LibraryThing Tutorial. Using Library Thing. LibraryThing. LibraryThing is a social cataloging web application for storing and sharing book catalogs and various types of book metadata.
It is used by authors, individuals, libraries, and publishers. Based in Portland, Maine, LibraryThing was developed by Tim Spalding and went live on August 29, 2005. As of January 2019, it has about 2,370,000 users and over 130 million books catalogued. Features The primary feature of LibraryThing ("LT") is the cataloging of books, movies, music and other media by importing data from libraries through Z39.50 connections and from six Amazon.com stores. LibraryThing for (Academic) Libraries.
I joined LibraryThing a while ago and find it a handy place for me to keep track of what Iâ€™ve been reading (yes, I’m a crime fiction junkie) and to share ideas about what to read next with like-minded readers.
Iâ€™ve have been intrigued by LibraryThing for Libraries â€“ without knowing entirely how academic libraries might use it. So I fired off some questions for the â€œtechnology triumvirateâ€ of the Claremont Colleges, Candace Lebel, their Integrated Library Systems Manager, Alexandra Chappell, a Reference and Instruction Librarian, and Jezmynne Westcott, Science Librarian. 1) What is LibraryThing for Libraries and why did you all decide it would enhance your catalog? Candace Lebel: LibraryThing is an online book cataloging resource for individuals to keep track of their personal book collections and share that information with others. Users can organize and search their collections by adding descriptive “tags” to each book. Catalog your books online. Goodreads v. LibraryThing- Part One. If there’s one thing I love almost as much as books, it’s making lists of books.
Books I own, books I own that I haven’t read, books I own that have purple covers- whatever. While I used to do this on a spreadsheet, the internet has kindly provided a digital way to catalogue my books with the ADDED BONUS of allowing me to interact with other bookish folks. The two most popular book cataloguing/social networking sites seem to be Goodreads and LibraryThing.So which one should you use? What are the benefits/drawbacks of each? I’ve got accounts on both sites and have done some major digging into their terms of service (TOS) and various functionalities to give you some (many) points to consider about both sites. It’s a ridiculous amount of information, so I’ll be splitting this over two weeks.
The biggest difference here is that LibraryThing assumes you own the books you are adding. In Batches. East Brunswick Public Library. Try the latest ‘Thing’!
LibraryThing for Libraries makes finding the books you want easier! Have you read all the books by your favorite author? Would you like to find books that are similar by other authors? Did you like the book that you just finished reading? Do you want to read something similar? Finding books similar to those you have read is now much easier using the new LibraryThing for Libraries service in the library catalog. Search for an item in the Library Catalog. Similar Books When you view the search results information for most books in the library catalog, you can see a list of similar books in the left column under Related Items. Tags A list of tags that categorize the book will appear below the list of related items in the left column. Search.proquest. Search.proquest. Goodreads v. LibraryThing: Part Two.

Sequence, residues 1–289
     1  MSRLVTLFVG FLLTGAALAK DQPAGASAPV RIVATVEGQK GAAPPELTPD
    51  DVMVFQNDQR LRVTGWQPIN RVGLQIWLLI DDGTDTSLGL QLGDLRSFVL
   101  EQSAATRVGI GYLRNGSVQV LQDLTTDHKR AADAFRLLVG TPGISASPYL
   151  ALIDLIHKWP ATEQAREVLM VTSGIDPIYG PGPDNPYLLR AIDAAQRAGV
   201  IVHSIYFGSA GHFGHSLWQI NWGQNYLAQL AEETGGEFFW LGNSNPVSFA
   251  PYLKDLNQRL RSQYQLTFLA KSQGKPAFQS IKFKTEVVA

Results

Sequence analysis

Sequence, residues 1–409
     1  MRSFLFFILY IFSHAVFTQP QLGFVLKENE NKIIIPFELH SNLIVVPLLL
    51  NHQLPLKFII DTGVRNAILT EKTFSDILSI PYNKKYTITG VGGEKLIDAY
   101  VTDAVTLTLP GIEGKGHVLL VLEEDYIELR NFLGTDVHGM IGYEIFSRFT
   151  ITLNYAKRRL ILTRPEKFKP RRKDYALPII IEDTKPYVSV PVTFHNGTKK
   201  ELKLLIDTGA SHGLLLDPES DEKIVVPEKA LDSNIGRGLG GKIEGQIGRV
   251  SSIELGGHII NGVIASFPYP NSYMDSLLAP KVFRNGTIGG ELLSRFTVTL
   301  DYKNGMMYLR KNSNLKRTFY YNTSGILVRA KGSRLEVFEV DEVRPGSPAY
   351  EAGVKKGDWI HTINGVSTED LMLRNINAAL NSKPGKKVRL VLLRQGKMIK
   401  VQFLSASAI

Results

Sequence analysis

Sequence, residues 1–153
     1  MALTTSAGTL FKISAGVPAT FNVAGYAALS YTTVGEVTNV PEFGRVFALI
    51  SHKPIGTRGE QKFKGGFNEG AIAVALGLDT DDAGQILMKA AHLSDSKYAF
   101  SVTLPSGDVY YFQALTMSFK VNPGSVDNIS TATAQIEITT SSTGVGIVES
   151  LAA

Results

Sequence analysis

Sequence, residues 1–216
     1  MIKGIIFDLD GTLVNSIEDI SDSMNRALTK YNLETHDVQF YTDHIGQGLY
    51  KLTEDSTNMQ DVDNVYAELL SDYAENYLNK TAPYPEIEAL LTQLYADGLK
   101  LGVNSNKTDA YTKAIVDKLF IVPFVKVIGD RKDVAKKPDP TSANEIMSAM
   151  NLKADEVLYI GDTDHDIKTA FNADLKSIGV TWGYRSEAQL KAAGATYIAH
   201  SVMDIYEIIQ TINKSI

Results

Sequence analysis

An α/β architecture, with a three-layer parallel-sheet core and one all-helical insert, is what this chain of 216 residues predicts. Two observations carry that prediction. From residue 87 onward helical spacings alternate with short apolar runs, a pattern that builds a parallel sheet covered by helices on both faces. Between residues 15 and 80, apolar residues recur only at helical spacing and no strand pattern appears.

This is a continuation of last week’s post, Goodreads v.
LibraryThing: Part One, which covered adding books to your library, book recommendations, stats, user interfaces, and discussion/groups. If you have anything else to add to the discussion, please do so below! Goodreads– Shows you your friends’ reviews first, which I’m way more interested in than the reviews of strangers (another point for the “GR is more for bookish social interaction” theory). Under friend reviews are community reviews. You can filter these reviews for all editions of the book, just your edition, by star rating, or “text only” content. LibraryThing– The first notable thing here is that LT allows you to sort reviews by language. Winner: Once again, personal preference. Search.proquest. Comparing the LibraryThing, OCLC, and Open Library ISBN APIs. By David Fiander Introduction OCLC, LibraryThing, and the Open Library all provide web services for finding basic information about books based on their ISBNs, but the services all have different APIs, provide different types of information, and have different license terms which may restrict the ways that they may be used.
This work arose from a research project involving comparing the private collections of faculty on campus to the holdings of the university library, to determine what the service gap was between what faculty required for their research and what the library was providing. In order to reduce the amount of manual labour involved in the comparison, we collected ISBNs from the faculty’s books (for those books that had ISBNs) and want to compare those ISBNs to the library’s collection. However, the fact that even the “same” book might have multiple ISBNs associated with it (e.g., cloth vs paper bindings, or British vs American publishers) complicates this comparison.